“As American as baseball and apple pie.” If everyone had a dollar each time that phrase was uttered, one probably could rival the new multi-million dollar winner of this weekend’s Powerball. Without a doubt, that saying is probably as old as the White House and in this day and age could probably be replaced with myriad representations of American iconography and culture. New musical Hands on a Hardbody, shines a spotlight on two USA symbols, rock and roll and trucks. And after viewing Hands on a Hardbody two things are evident, this musical is made for Americans by Americans and is as true to the red, white and blue as the old “stars and stripes” itself.
While not often seen in the New York metro area, a pickup truck is a still the automobile of choice for scores of Americans in the heartland and southern regions of the U.S. and is the main character for this production. Based on a 1997 documentary of the same name, Hands on a Hardbody centers on a group of contestants in Longview, Texas hankering to win a brand new truck by placing their hands on the vehicle and enduring the heat and exhaustion until all but one drops off.
The musical features an ensemble as eclectic as the proverbial melting pot. A middle-aged husband (who is an unemployed, disabled worker) is doubling down and trying to relive his youth by winning. A young Mexican-American man is hedging his bet to go to medical school. Another young man is looking to prove just how much of a Texan he is by winning the truck and a young woman that wants to burn rubber and drive that truck right out of Texas. A marine fresh from combat, a holy-rolling songstress, a gregarious playboy, a vixen with a few tricks up her sleeve, a no-nonsense middle-aged woman and a former winner looking to reclaim the glory of victory round out the characters placing their mitts on the truck. A conniving salesman, his racist female colleague, the mates of the older contestants and the announcer complete the cast of the production.
Similar to In the Heights, the plot of this musical is about achieving the American dream – life, liberty and the pursuit of happiness and each of these characters have a different comprehension of that dream. Courtesy of MGM and the Broadway musicals of old, I expect to view a musical with a bunch of extras that help to drive the musical numbers and along with the set, assist in making the numbers spectacular. Hands on a Hardbody isn’t that kind of musical. Although the pared down cast equates to a small group, the central character as well as the majority of the set is the truck. It is a frugal musical that fits well with this economy. It has a lot of heart and soul; I didn’t miss the pomp that most musicals can have one bit.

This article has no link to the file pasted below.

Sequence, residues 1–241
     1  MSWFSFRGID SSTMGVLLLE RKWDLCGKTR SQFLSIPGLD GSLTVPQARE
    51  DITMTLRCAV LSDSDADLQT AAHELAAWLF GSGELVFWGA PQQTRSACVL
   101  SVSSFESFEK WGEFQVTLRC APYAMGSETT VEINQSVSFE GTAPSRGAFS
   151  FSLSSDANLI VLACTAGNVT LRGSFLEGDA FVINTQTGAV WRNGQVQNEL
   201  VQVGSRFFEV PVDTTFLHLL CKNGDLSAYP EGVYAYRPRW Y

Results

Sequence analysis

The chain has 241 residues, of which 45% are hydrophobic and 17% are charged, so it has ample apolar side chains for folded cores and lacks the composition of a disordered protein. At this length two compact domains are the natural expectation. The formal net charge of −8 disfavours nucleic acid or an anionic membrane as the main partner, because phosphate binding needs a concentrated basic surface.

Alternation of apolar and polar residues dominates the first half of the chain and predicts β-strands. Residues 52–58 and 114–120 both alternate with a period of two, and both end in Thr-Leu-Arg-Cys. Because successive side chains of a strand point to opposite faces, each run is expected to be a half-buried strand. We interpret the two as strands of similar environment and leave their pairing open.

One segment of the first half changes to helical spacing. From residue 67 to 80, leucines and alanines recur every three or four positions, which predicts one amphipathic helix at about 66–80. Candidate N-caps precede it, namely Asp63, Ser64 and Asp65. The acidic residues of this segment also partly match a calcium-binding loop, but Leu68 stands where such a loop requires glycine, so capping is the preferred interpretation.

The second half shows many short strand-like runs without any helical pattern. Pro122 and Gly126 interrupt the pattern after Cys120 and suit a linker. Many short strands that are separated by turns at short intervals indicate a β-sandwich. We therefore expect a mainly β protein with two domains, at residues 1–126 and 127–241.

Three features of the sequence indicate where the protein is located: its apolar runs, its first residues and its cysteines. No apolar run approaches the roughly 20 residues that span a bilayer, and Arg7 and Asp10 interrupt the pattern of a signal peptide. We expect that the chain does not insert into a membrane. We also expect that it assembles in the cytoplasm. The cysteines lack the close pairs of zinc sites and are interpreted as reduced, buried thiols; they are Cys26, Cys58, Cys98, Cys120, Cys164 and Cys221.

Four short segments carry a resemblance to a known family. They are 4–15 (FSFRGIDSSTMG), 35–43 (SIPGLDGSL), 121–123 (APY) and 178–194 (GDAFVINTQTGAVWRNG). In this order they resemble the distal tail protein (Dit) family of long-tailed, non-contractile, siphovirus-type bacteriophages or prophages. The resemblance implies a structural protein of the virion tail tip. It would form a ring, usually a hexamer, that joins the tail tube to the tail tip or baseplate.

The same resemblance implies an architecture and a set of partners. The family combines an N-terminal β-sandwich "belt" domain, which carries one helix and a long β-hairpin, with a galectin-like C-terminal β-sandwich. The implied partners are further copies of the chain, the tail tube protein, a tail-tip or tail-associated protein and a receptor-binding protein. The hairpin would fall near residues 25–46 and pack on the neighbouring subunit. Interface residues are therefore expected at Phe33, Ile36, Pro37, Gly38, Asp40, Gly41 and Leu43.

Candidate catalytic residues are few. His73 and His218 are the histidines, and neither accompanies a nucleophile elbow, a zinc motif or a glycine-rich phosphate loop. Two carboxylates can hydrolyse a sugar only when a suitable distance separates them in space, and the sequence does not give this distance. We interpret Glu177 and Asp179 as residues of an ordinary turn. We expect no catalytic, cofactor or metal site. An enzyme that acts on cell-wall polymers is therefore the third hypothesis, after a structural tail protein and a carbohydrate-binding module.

Most of the grit that makes Hands on a Hardbody grand comes via music by Amanda Green and Trey Anastasio and a book by Doug Wright. Songs like “Joy of the Lord”, “My Problem Right There”, “Born in Laredo”, “It’s a Fix” and “Keep Your Hands on It” offer an accurate description of the modern American experience and allows their rock /bluegrass soundtrack to resonate with the audience. Led by veteran actor Keith Carradine, the cast does a superb job with the material. Instead of looking like perfectly trained artisans belting out songs and acting out a script, they appeared more like regular people sharing their dreams and stories of heartbreak and redemption. Each one of them was someone that you have probably met sometime in your journey and could’ve been sitting in the audience right next to you. If there were any negative aspect to this musical, it would be the lack of choreography. The choreography was very pedestrian and reminded me of something I might have seen in a 1990’s Fat Boy Slim video. Still, the choreography, or lack thereof, had its usefulness. The movements were on par with the look of the cast. After all, a pack of ordinary people, which the cast is supposed to embody, would look a little silly trying to complete choreography that required tons of strength and agility.
All and all I thoroughly enjoyed Hands on a Hardbody and could understand why the musical made its way from the La Jolla Playhouse to the Brooks Atkinson Theater on Broadway. I throw my thumbs to ceiling on this one and would suggest scooting on down to see a musical that is as American as you and me.
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